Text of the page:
The VA has a duty to assist the veteran in their quest to obtain disability benefits, but ultimately, it falls on the veteran to initially support his/her claim. Compensation benefits claims require medical evidence to establish a current condition and a nexus (connection) to an injury or disability that happened while a veteran was in service. The duty to assist includes providing a VA medical examination, commonly referred to as a C&P (Compensation and Pension) exam, or obtaining an independent expert medical opinion, also known as an IMO, when such an examination or opinion is necessary for the VA to make a decision on the claim. This means that if a medical exam didn’t make a difference, an example would be if a veteran has a dishonorable discharge and is ineligible for benefits, the VA will not provide an exam.
In most cases, the VA will schedule a medical exam after receiving a substantially complete application even if a veteran submits supporting exam reports from his or her own private physician. It is important to note that the VA doesn’t provide C&P exams for every case. The VA can accept the results of a medical exam by a veteran’s private physician as long as the exam report satisfies VA requirements. Veterans should still submit their own medical reports whenever possible because if a VA exam is ordered, the VA examiner must consider the private medical reports when arriving at a conclusion. A veteran will sometimes disagree about the necessity of a C&P exam; however, if one is scheduled by the VA, it is very important he/she attend, as not attending without just cause is a basis for denying a claim.
So, how can a veteran make the most of his or her exam? It is important to note that it is not a social occasion. If the examiner asks “How are you today?” it is wise not to answer “I am fine.” Chances are, the examiner will write this in the final report and it could be very detrimental to a claim. It is wise for a veteran to be honest and tell the examiner exactly how he or she is feeling. Many times, a veteran is disgruntled prior to his/her scheduled exam, but the place to air these grievances is not in the exam room. The examiner has likely heard these complaints from many other veterans, and can’t fix the VA system.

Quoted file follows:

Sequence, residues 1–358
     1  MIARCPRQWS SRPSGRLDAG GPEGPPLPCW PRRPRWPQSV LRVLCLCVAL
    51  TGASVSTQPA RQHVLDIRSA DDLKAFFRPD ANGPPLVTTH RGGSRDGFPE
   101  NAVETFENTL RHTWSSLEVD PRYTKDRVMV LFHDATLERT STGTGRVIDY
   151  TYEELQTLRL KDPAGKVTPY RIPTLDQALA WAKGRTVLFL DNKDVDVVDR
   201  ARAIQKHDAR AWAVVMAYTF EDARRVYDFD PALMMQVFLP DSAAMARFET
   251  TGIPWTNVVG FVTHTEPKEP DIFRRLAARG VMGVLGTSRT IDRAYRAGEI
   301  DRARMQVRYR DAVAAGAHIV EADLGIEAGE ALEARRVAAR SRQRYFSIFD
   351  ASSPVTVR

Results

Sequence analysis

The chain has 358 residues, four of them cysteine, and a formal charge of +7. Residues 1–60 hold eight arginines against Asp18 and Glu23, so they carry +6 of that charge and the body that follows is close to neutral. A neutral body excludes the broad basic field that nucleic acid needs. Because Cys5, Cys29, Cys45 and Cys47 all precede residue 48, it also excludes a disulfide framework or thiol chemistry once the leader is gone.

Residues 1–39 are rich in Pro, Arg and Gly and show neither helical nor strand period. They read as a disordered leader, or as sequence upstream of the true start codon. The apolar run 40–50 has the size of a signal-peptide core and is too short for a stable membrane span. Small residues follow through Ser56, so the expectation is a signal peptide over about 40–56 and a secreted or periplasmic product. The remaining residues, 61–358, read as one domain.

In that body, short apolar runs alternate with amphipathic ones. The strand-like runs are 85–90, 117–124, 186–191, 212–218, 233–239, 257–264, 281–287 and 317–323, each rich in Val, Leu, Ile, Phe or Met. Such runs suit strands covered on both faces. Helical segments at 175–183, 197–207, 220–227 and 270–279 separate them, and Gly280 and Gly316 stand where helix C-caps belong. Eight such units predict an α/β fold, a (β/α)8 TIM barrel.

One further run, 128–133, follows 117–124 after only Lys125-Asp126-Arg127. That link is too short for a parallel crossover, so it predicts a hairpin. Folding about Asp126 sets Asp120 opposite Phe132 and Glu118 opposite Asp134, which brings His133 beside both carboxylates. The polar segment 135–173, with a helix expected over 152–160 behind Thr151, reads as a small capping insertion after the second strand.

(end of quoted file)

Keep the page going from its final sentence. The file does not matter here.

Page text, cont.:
The most important thing to do during a C&P exam is to answer all questions honestly. Exaggeration of symptoms is not in the veteran’s best interest, but then again, understating symptoms is also not helpful to his/her case. This is likely the only time the examiner will see a veteran, and it is important he or she sees the real person. This means, for example, a veteran should dress and look the way they normally do. The C&P exam doesn’t have to be an uncomfortable experience, and honesty and openness is the veteran’s best asset in ensuring that doesn’t happen.